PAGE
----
As a U.S. Army Reserve intelligence officer and someone schooled in disaster emergencies, Mike Raderstorf got an insider’s look at one of America’s most painful terrorist attacks, the Boston Marathon bombing on April 15.
And the memories linger, as he shared in vivid detail Monday with the Rotary Club of Gainesville.
“For those who lost their lives and those who were injured, that was a horrific day,” he told the group, meeting at the First Baptist Church on Green Street in Gainesville.
“It could have been a lot worse. I want to give huge credit to the city of Boston.”
Raderstorf, security and emergency preparedness director at Northeast Georgia Health System, said authorities and emergency responders jumped immediately into action, not knowing the nature of the explosions or whether more would come.
“They were there to save lives, and I think that’s been a big (mindset) change since 9/11,” he said.
“We’re probably going to actively fight” in the wake of a terrorist attack, Raderstorf said.
As part of his talk, he showed the group a video clip of the explosions and the immediate chaos, as filmed by The Boston Globe. The scenes were familiar ones from news images shown on TV that day.
“It is still painful to watch that,” Raderstorf said.
He was involved in an annual Reserve exercise in California when the explosion happened.
“Working in the (intelligence) community, you don’t have to be at the scene in order to get reports of what’s going on,” he said after the speech.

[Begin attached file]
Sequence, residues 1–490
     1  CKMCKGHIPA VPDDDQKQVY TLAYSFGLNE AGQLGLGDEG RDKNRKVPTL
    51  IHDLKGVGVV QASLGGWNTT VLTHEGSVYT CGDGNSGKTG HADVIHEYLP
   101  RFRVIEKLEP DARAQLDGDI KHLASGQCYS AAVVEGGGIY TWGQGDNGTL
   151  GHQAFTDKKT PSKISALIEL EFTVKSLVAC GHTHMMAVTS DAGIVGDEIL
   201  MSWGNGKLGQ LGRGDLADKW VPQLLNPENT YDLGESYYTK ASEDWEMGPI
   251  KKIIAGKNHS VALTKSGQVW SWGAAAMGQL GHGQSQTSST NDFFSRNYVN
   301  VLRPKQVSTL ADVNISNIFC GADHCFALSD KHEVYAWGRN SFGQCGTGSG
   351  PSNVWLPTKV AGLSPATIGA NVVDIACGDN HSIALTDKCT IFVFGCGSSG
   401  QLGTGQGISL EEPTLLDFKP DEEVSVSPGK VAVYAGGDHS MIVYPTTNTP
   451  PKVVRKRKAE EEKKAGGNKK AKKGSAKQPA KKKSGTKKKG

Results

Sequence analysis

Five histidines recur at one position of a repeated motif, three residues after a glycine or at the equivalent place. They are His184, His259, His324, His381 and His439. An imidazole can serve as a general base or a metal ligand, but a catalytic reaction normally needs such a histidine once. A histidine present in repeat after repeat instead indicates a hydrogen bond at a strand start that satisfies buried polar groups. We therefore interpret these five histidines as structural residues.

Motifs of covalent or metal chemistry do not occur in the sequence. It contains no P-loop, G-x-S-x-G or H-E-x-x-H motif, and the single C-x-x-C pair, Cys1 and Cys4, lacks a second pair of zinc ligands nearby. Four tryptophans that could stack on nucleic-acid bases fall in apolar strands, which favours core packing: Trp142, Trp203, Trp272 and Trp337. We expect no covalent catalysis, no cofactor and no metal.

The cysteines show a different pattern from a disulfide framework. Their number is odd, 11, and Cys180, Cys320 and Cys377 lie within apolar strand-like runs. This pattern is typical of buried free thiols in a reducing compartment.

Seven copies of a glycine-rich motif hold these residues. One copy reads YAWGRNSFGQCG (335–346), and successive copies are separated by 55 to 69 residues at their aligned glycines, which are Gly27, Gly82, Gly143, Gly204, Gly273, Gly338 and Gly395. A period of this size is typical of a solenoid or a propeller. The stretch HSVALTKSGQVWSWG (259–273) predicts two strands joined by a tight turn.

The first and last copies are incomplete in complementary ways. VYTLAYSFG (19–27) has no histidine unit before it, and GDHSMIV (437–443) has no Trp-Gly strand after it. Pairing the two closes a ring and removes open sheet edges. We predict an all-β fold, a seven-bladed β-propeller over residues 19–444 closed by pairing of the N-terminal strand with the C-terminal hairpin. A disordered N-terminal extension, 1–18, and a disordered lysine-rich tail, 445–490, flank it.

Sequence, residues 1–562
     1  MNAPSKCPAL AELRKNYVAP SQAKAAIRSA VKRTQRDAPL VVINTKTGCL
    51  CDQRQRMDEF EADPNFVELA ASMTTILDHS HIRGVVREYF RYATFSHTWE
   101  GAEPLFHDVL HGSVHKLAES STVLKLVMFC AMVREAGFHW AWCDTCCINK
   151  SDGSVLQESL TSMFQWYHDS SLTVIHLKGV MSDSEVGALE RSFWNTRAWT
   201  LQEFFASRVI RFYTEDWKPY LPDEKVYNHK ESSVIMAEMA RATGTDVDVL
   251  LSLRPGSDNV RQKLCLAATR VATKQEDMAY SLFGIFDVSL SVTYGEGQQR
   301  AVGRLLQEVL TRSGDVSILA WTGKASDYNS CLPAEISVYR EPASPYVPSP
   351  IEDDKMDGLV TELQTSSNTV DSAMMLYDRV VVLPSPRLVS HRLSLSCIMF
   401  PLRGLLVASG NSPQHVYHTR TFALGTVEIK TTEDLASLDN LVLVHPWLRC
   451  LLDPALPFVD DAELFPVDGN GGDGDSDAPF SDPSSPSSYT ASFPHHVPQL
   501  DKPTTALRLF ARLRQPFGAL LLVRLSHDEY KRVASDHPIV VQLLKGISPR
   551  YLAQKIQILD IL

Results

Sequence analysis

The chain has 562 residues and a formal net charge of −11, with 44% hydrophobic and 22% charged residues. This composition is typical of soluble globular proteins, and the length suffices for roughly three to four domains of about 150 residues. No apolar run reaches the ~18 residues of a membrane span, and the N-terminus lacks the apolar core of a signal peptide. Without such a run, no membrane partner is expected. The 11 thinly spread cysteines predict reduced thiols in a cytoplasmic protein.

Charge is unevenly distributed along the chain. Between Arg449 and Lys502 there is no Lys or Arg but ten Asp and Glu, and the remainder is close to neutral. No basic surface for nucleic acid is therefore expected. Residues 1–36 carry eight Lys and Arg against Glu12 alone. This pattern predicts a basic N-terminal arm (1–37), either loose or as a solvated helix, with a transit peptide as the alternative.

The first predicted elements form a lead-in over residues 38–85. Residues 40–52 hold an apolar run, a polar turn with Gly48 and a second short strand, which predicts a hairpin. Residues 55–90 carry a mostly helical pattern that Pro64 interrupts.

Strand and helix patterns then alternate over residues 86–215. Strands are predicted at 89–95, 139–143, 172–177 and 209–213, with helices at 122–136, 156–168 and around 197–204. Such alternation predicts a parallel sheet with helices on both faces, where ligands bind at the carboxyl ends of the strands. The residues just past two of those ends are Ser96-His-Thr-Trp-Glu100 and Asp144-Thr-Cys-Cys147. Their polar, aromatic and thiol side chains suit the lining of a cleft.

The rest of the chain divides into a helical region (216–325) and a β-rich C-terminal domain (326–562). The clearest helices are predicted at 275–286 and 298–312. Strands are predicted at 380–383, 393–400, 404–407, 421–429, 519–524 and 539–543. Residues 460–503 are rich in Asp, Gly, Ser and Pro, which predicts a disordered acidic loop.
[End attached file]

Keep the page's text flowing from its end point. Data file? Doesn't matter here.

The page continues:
Two days later, an explosion took place at a fertilizer plant near Waco, Texas. And then, the next day, a Massachusetts Institute of Technology officer was shot to death during a manhunt for the bombing suspects.
“There was a lot of assumption that this (series of events) was a complex, multitiered attack across our nation,” Raderstorf said. “What made it so challenging for us in the (intelligence) world is who did this and how sophisticated are they?”
He told the Rotarians that terrorism isn’t always state-sponsored or connected to a particular group.
The bombing suspects, brothers Dzhokhar Tsarnaev and Tamerlan Tsarnaev, “had no ties to any terrorist organization,” but rather were motivated by Inspire, a magazine “that goes out electronically ... to inspire them to conduct individual attacks,” Raderstorf said.
“This is our greatest threat. When we have an individual (or several people) who have the mindset they are going to attack us, there is very little opportunity for us to stop them,” he said. “That’s important for everybody in this room (to know), because we all play a big part in picking up (suspicious) indicators.”
Before joining the hospital, the North Georgia College & State University alumnus worked for Georgia State University in Atlanta as its emergency management director.
Raderstorf also “was responsible for establishing a strategic security and emergency response program in response to the mass shootings at Virginia Tech (in April 2007),” according to the Rotary program.
His Army work is in Joint Intelligence Reserve Element-European Command, based out of Fort Gillem.
“Mike has responded to terrorist bombings, tornadoes, hurricanes and other active-shooter events,” the program states.
Raderstorf told the club that area authorities, including fire and police, meet regularly to “discuss and share information.”
“One thing I can say about Hall County ... is that we’re doing it right,” he said.